Additonal authors: Xiao, Zhu. Book title: Proceedings of the 58th Conference of Metallurgists Hosting Copper 2019. Chapter: . Chapter title:
The copper-graphite metal matrix composites were fabricated by two different production methods: directly sintering with copper and graphite (Cu-Gr composite), and in-situ sintering with cuprous copper and graphite (Cu2O-Gr composite). During the in-situ reaction sintering, a redox reaction occurs at the interface of the Cu2O particles and Gr particles, resulting in the improved physical and mechanical properties of Cu2O-Gr composites. Compared with Cu-Gr composite, Cu2O-Gr composite has a higher compression strength at any given graphite content due to the improved interface bonding and uniformly distributed fine graphite particles in the matrix. Increasing graphite content decreases the mechanical properties of the copper-graphite composites. The compression strength of Cu2O-Gr composite is 50-100 MPa higher than that of Cu-Gr composite.
Copper-graphite composites have been widely used in industry due to their low density, relatively high strength and hardness, good thermal and electrical conductivity, arc ablation resistance and self- lubrication ability (Grandin & Wiklund, 2018; Han & Xu, 1999; Huang et al., 2017). Electric sliding contact friction pair in the high-speed railway system and motor brush in electric contact components have a very high demand on electrical conductivity and self-lubrication ability of materials. The electric devices need to bear both mechanical load and high electric current. Copper-graphite composites with good mechanical, electric and self-lubrication properties are the best candidates for application in multifunctional electric sliding contact frication components. The relative sliding speed of friction pair is developing towards 100 m/s or even faster, which can withstand the electric flow of more than 800 A, and it is often accompanied with vibration and impact (Guo & Ding, 2008). Conventional wear-resistant materials can no longer meet the current requirements and this promotes the development of copper- graphite composites with excellent comprehensive properties (Ding, Chen, Zhu, Zhang, & Zhou, 2009; Yasar, Canakci, & Arslan, 2007).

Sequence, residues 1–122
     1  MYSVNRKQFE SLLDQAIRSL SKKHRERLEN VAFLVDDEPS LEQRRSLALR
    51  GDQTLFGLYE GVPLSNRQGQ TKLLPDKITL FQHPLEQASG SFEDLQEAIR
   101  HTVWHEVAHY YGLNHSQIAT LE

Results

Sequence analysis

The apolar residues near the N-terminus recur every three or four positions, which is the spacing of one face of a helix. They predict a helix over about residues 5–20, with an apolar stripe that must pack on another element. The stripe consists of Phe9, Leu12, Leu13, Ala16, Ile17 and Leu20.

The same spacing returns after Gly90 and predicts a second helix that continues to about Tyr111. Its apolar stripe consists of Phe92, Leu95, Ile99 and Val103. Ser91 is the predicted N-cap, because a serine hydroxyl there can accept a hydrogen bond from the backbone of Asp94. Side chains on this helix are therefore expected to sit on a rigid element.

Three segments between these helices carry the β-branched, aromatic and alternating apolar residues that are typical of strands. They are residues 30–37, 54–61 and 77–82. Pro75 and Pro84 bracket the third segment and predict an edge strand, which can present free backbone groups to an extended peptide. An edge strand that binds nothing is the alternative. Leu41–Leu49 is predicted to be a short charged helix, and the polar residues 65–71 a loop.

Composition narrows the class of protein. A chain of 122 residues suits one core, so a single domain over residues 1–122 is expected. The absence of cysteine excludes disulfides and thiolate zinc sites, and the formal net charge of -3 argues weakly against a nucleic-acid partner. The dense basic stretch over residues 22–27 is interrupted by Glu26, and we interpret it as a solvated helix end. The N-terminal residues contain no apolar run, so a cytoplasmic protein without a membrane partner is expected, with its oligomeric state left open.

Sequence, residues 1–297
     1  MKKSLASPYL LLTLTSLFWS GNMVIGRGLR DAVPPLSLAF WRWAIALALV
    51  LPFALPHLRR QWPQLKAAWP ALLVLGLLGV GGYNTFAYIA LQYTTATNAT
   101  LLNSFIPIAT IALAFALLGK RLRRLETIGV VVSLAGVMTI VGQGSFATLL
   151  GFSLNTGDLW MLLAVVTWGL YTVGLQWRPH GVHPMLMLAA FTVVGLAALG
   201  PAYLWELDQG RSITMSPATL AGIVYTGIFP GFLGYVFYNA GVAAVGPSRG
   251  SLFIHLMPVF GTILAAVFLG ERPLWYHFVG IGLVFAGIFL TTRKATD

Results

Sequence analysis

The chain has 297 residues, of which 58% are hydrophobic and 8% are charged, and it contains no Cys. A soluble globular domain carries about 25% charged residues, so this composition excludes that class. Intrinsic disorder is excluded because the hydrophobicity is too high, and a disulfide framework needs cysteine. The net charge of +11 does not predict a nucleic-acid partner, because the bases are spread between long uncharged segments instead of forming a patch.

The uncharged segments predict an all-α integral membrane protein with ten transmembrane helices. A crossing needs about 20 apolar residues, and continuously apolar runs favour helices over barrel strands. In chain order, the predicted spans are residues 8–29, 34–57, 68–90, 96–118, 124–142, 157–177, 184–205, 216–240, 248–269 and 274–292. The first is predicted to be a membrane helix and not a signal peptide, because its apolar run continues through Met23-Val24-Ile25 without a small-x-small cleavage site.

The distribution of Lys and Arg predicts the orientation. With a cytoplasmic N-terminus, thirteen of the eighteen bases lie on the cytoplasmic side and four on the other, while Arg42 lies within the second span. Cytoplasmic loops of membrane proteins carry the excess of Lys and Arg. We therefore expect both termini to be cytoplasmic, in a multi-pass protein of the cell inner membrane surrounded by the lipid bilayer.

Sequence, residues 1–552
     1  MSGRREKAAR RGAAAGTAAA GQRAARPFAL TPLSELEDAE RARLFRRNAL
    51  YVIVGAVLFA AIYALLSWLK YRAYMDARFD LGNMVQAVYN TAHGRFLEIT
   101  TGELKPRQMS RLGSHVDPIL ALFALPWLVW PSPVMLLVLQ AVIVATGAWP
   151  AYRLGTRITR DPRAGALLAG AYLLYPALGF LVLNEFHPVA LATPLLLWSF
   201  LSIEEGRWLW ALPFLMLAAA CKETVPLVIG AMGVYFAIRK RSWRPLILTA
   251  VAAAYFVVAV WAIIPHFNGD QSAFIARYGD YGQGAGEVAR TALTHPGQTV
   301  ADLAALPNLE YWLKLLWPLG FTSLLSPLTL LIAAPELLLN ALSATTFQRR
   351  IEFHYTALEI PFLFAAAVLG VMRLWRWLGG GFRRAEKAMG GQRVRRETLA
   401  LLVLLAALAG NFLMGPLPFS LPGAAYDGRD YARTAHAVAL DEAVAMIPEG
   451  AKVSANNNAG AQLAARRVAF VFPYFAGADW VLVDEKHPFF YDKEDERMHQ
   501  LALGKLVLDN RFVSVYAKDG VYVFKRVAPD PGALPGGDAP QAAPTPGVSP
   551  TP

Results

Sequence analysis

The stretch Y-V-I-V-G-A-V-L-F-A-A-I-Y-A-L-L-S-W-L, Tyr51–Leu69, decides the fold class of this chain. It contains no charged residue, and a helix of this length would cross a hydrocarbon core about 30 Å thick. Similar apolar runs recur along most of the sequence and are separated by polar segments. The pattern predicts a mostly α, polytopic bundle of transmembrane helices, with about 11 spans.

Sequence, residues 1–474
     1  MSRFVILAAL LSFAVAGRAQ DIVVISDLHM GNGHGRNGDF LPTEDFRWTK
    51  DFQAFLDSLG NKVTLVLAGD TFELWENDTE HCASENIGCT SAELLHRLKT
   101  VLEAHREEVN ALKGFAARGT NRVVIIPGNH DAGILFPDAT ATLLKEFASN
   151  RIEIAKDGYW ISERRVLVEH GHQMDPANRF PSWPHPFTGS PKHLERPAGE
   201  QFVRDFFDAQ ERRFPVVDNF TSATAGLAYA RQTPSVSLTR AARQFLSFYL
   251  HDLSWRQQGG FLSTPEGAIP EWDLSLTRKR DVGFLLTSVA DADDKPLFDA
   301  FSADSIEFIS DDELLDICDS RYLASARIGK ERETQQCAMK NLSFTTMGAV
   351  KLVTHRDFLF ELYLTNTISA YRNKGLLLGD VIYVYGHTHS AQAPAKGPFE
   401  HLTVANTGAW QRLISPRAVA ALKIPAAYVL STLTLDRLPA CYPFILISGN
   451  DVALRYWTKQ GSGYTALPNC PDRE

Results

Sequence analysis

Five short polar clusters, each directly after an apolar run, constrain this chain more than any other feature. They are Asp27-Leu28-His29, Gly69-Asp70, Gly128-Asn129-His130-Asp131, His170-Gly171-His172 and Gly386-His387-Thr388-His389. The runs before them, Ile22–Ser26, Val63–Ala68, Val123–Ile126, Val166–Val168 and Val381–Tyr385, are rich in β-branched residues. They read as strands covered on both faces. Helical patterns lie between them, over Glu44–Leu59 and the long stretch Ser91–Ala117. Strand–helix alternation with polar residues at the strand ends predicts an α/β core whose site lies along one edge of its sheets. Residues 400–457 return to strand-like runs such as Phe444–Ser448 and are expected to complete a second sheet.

There are many ways to fabricate copper-graphite composites, mainly including powder metallurgy method, liquid immersion infiltration method, rapid sintering method and electrodeposition method (Kalin & Poljanec, 2018; Kim, Lee, & Han, 2014; Liu et al., 2018; Wang et al., 2018). Each method has its own advantages and disadvantages, and the powder metallurgy method is the most commonly used one due to its simple process, high economic benefit, and industrial production applicability. The common steps of the powder metallurgy method are as follows (Samal, Parihar, & Chaira, 2013): firstly mixing the copper (copper alloy) powders and graphite with a certain ratio, following by die-forming, and then sintering at the high temperature with or without pressure. The advantage of copper-graphite composites is that the graphite distributed in the copper matrix uniformly and it can form a carbon diaphragm preventing the wear of the composite (Fu & He, 2010). However, the bonding strength of the interface between the copper matrix and the graphite is relative low as the combination between them is mechanical interlocking but not metallurgical bonding (Ma et al., 2008). It is meaningful to develop new fabrication technology of copper-graphite composites with better interface bonding, which could provide guidance for the design of copper-graphite composites with excellent comprehensive properties.